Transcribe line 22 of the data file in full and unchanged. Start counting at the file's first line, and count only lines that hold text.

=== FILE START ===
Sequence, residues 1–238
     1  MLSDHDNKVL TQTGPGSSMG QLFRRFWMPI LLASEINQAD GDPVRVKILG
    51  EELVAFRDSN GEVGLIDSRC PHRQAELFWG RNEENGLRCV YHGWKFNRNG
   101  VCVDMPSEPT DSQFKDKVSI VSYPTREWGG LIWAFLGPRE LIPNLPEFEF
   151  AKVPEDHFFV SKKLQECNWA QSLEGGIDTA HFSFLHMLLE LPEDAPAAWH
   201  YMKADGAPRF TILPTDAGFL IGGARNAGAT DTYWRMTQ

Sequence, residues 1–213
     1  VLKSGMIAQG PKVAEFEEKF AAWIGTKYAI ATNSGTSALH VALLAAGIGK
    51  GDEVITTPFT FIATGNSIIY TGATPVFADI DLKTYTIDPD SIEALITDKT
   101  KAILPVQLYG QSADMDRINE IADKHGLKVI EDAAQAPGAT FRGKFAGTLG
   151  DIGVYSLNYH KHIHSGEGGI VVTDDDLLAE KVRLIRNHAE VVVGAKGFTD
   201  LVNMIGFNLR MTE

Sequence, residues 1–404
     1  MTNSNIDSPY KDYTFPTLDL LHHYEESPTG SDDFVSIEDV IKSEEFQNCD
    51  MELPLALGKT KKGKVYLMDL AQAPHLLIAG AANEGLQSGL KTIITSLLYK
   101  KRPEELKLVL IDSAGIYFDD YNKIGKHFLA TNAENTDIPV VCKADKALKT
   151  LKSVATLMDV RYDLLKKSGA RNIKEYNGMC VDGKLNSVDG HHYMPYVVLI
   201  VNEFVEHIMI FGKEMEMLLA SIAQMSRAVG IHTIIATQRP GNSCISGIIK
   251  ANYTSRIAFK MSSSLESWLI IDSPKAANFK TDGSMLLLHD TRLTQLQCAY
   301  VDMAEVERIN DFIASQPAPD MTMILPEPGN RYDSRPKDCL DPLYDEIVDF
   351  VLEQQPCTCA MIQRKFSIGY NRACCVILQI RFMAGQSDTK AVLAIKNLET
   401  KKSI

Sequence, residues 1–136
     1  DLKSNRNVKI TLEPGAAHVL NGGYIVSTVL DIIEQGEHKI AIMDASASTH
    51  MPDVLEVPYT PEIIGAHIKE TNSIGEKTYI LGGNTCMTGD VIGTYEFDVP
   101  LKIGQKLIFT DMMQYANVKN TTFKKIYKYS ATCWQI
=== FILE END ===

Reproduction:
   401  KKSI